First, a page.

Wednesday, May 27, 2015

5 Tips to Surviving PA School

My great looking class of PA students ready to start clinical rotations.
Disclaimer:  There is no one formula for success in PA school (other than LOTS of hard work and dedication).

Here are my top 5 Proven Survival Tips for PA school:

1.  Study hard, study early and study often.  

This is a no-brainer and if you have already gotten into PA school you probably arrived at that point by doing just that - studying hard.  But it never hurts to say it again - so I will - study hard and study often.
Studying in PA school will not be the same as in undergrad or your prerequisite courses.
  • It will be harder, more intense and more important!  
  • Remember you are learning things to make you a PA.  You have to know EVERYTHING!  It's not like American History 201, where you may learn just what's on the exam and get by.  You need to learn and learn well for the health and safety of your future patients.
  • Procrastination is not your friend here.  Start early!  What is early to you may be relative.  Some study best late at night others are early morning birds - figure out which one you are and use your time wisely.  But above all don't procrastinate.
  • You may find that you need to study in new ways now - the old tools may not be effective here.  So be open to this and ready to learn and practice new study strategies.
    • Try new things:
      listen to podcasts, use spaced recognition flashcards, make drawings/cartoons, look at pinterest for mnemonics, lists & images.

2.  Don't judge yourself by your peers.

In fact, don't judge yourself by others at all.
  • Judge your progress by your past self.  Ask yourself, "where am I now vis a vis where I want to be and where I was yesterday?"  "Have I taken steps to getting closer to my goal today?"  How is my knowledge base increasing?  Am I more prepared than I was yesterday?  If you can answer yes to this, then you are headed in the right direction!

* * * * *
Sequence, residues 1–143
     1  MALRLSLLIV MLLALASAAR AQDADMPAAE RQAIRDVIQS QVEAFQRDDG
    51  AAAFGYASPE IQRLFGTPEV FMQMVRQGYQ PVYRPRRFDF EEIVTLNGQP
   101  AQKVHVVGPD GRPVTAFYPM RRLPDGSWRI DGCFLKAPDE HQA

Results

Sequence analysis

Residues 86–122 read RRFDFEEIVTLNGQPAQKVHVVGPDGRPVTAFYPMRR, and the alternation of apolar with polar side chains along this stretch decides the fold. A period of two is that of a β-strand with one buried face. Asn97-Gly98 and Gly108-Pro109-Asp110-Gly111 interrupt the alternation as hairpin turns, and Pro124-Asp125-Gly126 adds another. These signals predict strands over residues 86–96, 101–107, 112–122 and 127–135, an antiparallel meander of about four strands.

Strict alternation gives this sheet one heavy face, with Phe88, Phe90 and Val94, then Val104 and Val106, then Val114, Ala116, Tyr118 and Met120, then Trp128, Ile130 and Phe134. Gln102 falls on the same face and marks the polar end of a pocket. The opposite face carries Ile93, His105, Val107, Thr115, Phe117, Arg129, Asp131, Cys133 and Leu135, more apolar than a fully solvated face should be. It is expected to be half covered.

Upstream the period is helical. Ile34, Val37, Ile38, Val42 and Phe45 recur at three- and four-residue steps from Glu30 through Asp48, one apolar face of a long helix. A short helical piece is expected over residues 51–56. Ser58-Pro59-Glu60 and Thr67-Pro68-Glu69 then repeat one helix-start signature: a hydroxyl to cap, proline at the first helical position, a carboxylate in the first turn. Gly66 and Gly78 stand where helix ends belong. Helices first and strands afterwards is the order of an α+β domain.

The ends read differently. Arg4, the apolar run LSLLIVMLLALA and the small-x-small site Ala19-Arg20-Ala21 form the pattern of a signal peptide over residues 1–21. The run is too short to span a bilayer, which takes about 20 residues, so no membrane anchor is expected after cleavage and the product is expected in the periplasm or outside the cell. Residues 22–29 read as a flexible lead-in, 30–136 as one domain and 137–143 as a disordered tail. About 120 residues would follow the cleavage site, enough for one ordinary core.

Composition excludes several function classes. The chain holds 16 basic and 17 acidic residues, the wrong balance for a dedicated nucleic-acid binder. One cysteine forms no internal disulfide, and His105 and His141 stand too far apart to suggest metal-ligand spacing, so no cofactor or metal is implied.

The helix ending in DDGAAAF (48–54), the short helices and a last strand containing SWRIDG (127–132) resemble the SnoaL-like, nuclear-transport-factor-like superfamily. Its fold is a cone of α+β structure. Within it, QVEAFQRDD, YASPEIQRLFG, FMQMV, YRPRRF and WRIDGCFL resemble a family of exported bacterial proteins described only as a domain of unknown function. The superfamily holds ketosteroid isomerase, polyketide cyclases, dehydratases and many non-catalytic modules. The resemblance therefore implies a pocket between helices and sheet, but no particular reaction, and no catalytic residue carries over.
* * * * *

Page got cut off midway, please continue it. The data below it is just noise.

• But don't waste your mental energy comparing yourself to others in their study or learning process.  You need that energy to keep pushing yourself forward.  PA school is a long distance run - not a sprint!

3.  Streamline your life processes.

Make your daily life simple.
  • Think about a schedule.  Lots of my friends like to make study schedules and plans.  
  • Eat, study, sleep.  Add in a work out and you're good to go.  If you can fit in food gathering and prep - so much for the better!
But the really important part of streamlining your life has to do with your mental and emotional maturity - and by maturity I mean your ability to be emotionally stable through the ups and downs that the road ahead entails.  There will be anxiety, stress and uncertainty in your path to being a PA.  (If you don't question yourself, you're aren't doing it right.)
  • Avoid worry, self-doubt and anxiety - these are your enemies.  You don't have time for negative emotions and insecurity in PA school.  So get rid of them now!

4.  Find a partner or study group

Yes, some people fly solo - and if that works for you - go for it.

But studying with your classmates in PA school can be invaluable because they may think that one item on page 9 of your outline is an important point - you may have dismissed it as an insignificant small detail.  It may be on the exam tomorrow and more importantly you may need to know it for your future practice and patient care.
  • You will absorb more when you interact with your peers.  I encourage you to not miss out on this opportunity even if you are a lone studier.
  • If your school uses problem based learning (PBL), you may find this a good time to initiate a study group.  My school has a course in clinical problem solving which is basically a case study driven overview of what drives the diagnostic and treatment processes.  These classes lend themselves to working in a brain storming group.  Use this time to learn from others - they will think of things that you did not.

5.  Find a mentor

Find someone who has been there and can help guide you through any pitfalls that you may stumble into.  This may be someone at your program - an alum, an upperclassmen, a professor or a PA that you have met elsewhere.  
  • Whoever it is, when you need them they can be an invaluable resource.  They can fast track you to a solution to an issue in #2 or #3.  They will see things from a fresh outside perspective without bias and can steer you quickly in the right direction if you veer off the path of success.
  • Never underestimate the value of a good mentor!  Having someone in your corner when you have a concern or the going gets tough can be a great asset.

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  3. While studying, it will be helpful to develop some techniques.research paper help For example, if you are doing memorization, you can build on some acronyms.

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